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Babies tune in to human voices even when they are sleeping

In a study published today in the journal Current Biology, researchers from Institute of Psychiatry (IoP) at King’s have found that babies as young as three months are able to tune in to the sound of our voices and perceive different emotions, even when they are asleep.

Using functional magnetic resonance imaging (fMRI), researchers took brain images of sleeping babies and discovered that special areas in the brain which process sound are more sensitive than previously thought.  From very early on in babies’ development these special areas respond differently to human and non-human sounds as well as positive, negative and neutral emotions.

Principal Investigator Professor Declan Murphy said: ‘This discovery fundamentally advances our understanding of infant development. It has implications not only for how we view the impact of social environment on the infant brain, but for future research into how brain function and development relates to later difficulties in social communication.’

Author Dr Evelyne Mercure adds: ‘Our results suggest that the infant temporal cortex is more mature than previously reported. It is rare to see that specialized areas exist in the brain so early in development.’

Co-author Dr Anna Blasi said: 'The human voice is such an important social cue, which might explain why the brain processes it so early - this may represent the very first step in social interaction and language learning.'

The study was the result of a unique collaboration between experts in baby development at Birkbeck College, led by Professor Mark Johnson and leaders in brain imaging and neurodevelopment at the IoP at King’s, led by Professor Declan Murphy.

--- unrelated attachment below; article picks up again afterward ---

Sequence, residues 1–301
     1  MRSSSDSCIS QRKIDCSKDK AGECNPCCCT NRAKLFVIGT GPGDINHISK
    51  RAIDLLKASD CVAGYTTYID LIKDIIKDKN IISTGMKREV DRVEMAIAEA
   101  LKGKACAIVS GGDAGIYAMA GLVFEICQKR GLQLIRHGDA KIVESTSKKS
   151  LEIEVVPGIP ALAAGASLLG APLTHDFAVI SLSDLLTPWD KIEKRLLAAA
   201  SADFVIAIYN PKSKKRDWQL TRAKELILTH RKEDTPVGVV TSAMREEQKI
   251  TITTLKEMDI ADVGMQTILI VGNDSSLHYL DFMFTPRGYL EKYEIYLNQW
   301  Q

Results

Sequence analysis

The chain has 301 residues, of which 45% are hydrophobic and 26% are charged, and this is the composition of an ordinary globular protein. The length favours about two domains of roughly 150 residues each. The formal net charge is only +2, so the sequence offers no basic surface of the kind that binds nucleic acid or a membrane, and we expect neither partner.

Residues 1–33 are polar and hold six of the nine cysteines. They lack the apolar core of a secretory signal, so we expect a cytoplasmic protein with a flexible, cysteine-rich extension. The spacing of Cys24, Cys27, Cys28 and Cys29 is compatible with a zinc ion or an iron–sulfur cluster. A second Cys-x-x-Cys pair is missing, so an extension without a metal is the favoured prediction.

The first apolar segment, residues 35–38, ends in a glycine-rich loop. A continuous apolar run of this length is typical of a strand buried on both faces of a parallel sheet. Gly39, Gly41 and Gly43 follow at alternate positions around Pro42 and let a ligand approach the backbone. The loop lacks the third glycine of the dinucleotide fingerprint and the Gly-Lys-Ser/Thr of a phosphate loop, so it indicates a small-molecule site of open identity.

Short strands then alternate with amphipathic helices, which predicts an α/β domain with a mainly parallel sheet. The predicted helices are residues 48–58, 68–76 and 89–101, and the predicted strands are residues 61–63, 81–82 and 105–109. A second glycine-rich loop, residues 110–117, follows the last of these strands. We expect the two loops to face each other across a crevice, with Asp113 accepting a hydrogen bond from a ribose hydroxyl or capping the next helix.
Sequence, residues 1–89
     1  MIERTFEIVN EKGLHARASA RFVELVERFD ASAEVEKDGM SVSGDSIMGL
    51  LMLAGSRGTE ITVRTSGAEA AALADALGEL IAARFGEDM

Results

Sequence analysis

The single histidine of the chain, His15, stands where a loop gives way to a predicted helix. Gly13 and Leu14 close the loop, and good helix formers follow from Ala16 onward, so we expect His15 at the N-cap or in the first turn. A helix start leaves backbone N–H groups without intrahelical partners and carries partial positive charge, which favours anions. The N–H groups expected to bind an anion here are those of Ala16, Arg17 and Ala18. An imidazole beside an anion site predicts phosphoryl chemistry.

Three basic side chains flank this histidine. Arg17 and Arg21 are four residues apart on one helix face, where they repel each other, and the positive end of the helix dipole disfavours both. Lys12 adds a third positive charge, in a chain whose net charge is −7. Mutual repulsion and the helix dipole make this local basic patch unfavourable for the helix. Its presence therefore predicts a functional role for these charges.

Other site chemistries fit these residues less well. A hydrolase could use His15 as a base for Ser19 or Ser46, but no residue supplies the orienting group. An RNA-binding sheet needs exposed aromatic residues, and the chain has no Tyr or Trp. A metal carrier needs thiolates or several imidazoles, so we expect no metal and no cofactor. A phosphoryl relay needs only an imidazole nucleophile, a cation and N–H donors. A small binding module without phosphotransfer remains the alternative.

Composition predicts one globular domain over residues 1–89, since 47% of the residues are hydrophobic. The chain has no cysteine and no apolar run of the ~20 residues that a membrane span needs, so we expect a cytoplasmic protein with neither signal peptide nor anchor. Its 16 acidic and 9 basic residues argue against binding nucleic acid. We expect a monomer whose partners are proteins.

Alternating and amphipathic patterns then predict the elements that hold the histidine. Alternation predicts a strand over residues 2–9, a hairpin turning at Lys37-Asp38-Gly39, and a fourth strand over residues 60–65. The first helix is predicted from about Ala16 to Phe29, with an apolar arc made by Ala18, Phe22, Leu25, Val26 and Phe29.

The researchers recorded brain responses while the three to seven month old sleeping babies were played emotionally neutral, positive or negative human sounds, such as coughing, sneezing, laughing or crying, or non-vocal environmental sounds such as toys or water.

The results showed more activation in an area of the temporal lobe known for processing human vocal sounds in adults. In another part of the brain involved in emotion processing in adults, the babies showed a marked increase in response to sad sounds as opposed to neutral ones.

The findings are consistent with earlier evidence that infants can extract subtle information from human speech. Newborns prefer to listen to their mother’s voice and their mother tongue. Young infants also differentiate between the voices of men and women, children and adults.

This research in normally developing babies will help researchers see what happens to this particular brain region in babies that go on to develop disorders such as autism, or abnormal social behaviours, in which social communication is affected.

Professor Murphy concludes: 'We are now carrying out more research in this area to help us understand how differences in brain development arise, and if we can use these to accurately identify babies who will on to suffer from disorders such as autism, and if they can be used to help measure the effectiveness of interventions.'

The research is funded by the Medical Research Council and the National Institute for Health Research Biomedical Research Centre for Mental Health at the South London and Maudsley NHS Foundation Trust and King’s College London.

Paper can be found at:

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